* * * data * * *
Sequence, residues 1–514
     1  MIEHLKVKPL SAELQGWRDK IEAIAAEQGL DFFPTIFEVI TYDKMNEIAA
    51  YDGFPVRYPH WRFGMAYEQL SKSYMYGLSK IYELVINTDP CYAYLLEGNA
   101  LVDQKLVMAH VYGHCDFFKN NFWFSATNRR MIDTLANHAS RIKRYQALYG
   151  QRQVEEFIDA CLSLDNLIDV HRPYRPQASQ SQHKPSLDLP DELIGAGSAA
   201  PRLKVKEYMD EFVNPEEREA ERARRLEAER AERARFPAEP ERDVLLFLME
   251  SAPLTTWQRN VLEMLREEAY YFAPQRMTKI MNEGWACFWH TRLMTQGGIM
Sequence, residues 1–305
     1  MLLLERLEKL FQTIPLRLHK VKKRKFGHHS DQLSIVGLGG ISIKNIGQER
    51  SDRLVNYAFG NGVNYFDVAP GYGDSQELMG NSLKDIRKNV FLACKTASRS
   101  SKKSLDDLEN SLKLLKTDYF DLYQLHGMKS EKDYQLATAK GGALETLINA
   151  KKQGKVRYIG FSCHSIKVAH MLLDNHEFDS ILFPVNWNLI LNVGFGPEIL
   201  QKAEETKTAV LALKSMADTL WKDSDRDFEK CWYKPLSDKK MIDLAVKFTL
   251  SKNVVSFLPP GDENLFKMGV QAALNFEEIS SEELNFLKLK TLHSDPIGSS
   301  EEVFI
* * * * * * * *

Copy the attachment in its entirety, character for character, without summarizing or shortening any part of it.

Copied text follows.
Sequence, residues 1–514
     1  MIEHLKVKPL SAELQGWRDK IEAIAAEQGL DFFPTIFEVI TYDKMNEIAA
    51  YDGFPVRYPH WRFGMAYEQL SKSYMYGLSK IYELVINTDP CYAYLLEGNA
   101  LVDQKLVMAH VYGHCDFFKN NFWFSATNRR MIDTLANHAS RIKRYQALYG
   151  QRQVEEFIDA CLSLDNLIDV HRPYRPQASQ SQHKPSLDLP DELIGAGSAA
   201  PRLKVKEYMD EFVNPEEREA ERARRLEAER AERARFPAEP ERDVLLFLME
   251  SAPLTTWQRN VLEMLREEAY YFAPQRMTKI MNEGWACFWH TRLMTQGGIM
Sequence, residues 1–305
     1  MLLLERLEKL FQTIPLRLHK VKKRKFGHHS DQLSIVGLGG ISIKNIGQER
    51  SDRLVNYAFG NGVNYFDVAP GYGDSQELMG NSLKDIRKNV FLACKTASRS
   101  SKKSLDDLEN SLKLLKTDYF DLYQLHGMKS EKDYQLATAK GGALETLINA
   151  KKQGKVRYIG FSCHSIKVAH MLLDNHEFDS ILFPVNWNLI LNVGFGPEIL
   201  QKAEETKTAV LALKSMADTL WKDSDRDFEK CWYKPLSDKK MIDLAVKFTL
   251  SKNVVSFLPP GDENLFKMGV QAALNFEEIS SEELNFLKLK TLHSDPIGSS
   301  EEVFI